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    I dont think lie is the right term. Peter obviously knows that making a human on hos try would be incredibly difficult. I would imagine that ego looked like a blob when he first emerged. The diorama is just to tell a story. Peter knows he didnt pop out of the ground that way. In order to become truly human in a biological sense, he wouldve needed a sample or an encounter. – The Great Duck Nov 9 '17 at 3:53
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He changed diorama for every one of his offspring he has shown it to. To change it is trivial for Ego. Why would he do that? To get better rapport with his child/ his current child he is showing it to.

"You are special. This is the first form I ever chose, that exact form of your species. Your mother is the one I loved the most of all the women I've slept with." It's a very good lie.

Edit: Starts at around 6 minutes in this interview. There is also a part around 4 minutes mark.

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    You answer that as if you know that for a fact, can you provide a source for this? – Edlothiad Nov 8 '17 at 16:26
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    I suppose it's possible that Ego truly loved Peter's mother, maybe even more than any of the rest of his lovers. But from what we know of him - being willing to kill his children en mass and destroy all other life in the universe - I think calling him a megalomaniac who would lie about loving the women he slept with is close enough to the source material to be a very compelling headcanon, if not just a canonical reading between the lines. – Kevin - Reinstate Monica Nov 8 '17 at 20:58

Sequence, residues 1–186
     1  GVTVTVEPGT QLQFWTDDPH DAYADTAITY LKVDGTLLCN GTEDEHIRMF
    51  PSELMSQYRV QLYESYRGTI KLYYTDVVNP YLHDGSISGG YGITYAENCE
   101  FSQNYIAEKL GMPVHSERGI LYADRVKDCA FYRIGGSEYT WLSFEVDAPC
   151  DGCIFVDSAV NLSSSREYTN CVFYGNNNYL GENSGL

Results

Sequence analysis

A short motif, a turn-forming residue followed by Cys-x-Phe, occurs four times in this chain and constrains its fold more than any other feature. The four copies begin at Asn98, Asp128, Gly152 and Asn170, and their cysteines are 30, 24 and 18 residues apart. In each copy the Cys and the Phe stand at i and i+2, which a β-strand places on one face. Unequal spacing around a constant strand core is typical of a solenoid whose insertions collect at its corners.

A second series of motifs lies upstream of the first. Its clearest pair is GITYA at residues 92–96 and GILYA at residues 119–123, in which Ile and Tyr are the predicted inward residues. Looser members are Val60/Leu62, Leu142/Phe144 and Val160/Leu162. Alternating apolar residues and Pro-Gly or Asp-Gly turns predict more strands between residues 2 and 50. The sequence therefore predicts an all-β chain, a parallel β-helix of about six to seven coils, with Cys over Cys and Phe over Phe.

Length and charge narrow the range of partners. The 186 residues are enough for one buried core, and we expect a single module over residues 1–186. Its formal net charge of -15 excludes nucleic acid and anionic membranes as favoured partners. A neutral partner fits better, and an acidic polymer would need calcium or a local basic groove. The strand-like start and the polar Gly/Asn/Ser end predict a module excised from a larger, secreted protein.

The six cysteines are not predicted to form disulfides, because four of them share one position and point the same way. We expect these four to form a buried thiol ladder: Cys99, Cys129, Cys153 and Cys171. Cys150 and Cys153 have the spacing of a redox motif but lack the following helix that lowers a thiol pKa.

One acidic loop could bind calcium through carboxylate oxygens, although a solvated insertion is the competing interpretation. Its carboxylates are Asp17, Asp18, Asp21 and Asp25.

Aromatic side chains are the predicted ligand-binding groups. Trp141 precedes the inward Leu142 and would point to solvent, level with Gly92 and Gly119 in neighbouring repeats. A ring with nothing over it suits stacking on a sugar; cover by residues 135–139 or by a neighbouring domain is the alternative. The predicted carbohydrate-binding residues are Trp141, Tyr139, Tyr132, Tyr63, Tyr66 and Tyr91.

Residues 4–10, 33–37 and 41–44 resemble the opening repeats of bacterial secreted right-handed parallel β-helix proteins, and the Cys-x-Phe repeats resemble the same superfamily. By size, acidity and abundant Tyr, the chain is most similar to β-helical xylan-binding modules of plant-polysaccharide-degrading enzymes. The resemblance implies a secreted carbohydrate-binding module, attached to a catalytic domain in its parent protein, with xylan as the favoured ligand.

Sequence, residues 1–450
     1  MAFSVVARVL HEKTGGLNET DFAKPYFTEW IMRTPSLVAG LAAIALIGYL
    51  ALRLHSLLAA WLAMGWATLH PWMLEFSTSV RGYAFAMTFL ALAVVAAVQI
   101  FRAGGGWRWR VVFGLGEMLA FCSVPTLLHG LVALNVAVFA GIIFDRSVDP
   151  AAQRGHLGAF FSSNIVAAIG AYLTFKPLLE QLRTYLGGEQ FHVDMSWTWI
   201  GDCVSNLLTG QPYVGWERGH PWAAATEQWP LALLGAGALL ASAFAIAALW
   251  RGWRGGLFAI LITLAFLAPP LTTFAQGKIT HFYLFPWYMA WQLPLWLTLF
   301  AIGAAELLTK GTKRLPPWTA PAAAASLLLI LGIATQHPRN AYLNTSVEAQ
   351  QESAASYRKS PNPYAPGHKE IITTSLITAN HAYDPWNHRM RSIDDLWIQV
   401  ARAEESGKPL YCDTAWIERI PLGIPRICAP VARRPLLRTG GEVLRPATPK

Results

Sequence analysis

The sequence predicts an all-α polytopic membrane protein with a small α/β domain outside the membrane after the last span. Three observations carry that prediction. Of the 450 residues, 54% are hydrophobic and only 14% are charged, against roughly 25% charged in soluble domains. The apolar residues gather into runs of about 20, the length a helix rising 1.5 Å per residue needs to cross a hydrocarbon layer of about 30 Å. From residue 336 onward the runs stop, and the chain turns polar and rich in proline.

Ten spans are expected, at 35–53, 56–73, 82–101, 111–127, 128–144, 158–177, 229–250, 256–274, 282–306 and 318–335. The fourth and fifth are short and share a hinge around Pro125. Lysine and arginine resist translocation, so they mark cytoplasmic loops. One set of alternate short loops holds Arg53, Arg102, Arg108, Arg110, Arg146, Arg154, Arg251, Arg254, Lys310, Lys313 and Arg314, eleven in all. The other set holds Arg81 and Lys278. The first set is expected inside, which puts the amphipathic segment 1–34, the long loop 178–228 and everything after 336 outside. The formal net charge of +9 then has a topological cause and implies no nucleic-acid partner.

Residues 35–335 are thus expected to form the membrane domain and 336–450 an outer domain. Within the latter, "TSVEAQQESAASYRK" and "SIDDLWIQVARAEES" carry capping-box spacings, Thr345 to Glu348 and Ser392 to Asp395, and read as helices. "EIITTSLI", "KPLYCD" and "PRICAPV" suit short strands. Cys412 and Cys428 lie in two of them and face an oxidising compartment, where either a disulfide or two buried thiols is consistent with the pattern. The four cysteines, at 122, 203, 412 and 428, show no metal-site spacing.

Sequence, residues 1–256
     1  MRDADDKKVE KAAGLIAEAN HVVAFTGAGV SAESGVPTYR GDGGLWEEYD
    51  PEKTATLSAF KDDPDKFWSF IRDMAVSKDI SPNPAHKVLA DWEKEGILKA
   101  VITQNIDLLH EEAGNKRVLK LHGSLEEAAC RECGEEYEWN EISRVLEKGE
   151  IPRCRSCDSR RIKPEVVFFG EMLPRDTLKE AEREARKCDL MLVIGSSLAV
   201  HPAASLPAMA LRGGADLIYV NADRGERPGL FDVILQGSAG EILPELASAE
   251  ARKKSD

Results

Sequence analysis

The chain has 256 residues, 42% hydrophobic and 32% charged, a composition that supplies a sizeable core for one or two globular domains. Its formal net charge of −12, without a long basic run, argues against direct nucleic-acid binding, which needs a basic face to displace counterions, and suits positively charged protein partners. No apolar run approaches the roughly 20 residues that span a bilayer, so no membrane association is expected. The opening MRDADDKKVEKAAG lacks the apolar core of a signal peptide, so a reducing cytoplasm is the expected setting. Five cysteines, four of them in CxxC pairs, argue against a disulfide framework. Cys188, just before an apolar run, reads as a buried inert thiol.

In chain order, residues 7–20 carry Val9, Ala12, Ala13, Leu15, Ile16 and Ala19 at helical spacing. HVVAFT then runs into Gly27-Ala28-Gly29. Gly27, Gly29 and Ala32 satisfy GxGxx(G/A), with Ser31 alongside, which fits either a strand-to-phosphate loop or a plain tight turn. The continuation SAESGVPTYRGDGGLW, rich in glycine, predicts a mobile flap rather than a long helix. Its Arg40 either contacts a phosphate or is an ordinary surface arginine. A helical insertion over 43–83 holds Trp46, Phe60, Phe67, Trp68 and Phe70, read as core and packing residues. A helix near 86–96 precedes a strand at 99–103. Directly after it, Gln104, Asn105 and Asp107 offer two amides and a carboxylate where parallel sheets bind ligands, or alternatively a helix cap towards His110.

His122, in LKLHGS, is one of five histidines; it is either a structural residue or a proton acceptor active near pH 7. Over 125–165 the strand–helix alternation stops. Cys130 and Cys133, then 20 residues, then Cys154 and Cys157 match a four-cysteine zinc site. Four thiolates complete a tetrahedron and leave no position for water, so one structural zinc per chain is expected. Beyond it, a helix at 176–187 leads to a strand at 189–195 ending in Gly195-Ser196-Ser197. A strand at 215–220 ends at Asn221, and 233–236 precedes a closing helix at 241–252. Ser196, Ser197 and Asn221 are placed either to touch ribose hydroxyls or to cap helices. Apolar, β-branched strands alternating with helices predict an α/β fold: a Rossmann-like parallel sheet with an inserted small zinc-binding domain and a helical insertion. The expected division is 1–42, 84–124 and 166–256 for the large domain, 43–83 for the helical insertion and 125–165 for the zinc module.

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    @kevin I always assumed that love is what caused Peter to actually be a celestial as well. It seemed to me like they were implying that it didnt work in the other cases because he was just mating with that species. He wasnt actually in love. Otherwise, he certainly wouldnt have given her the cancer. And he surely wouldnt be dumb enough to lie about the cancer just for the sake of hurting peter. – The Great Duck Nov 9 '17 at 3:56
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    @Edlothiad: In the director's commentary, James Gunn says that the diorama showing human Kurt Russell with lots of different species of alien women is silly; he took the form of the species he was hooking up with each time. But the diorama is for Peter's benefit, and shows Ego as plastic human Kurt Russell every time. We can extrapolate from this that dioramas for the benefit of other kids were tuned to them. Or not, if weren't part celestial he might not have bothered with dioramas at all. (Do we trust that claim made by Ego that they weren't?) – Peter Cordes Nov 9 '17 at 4:20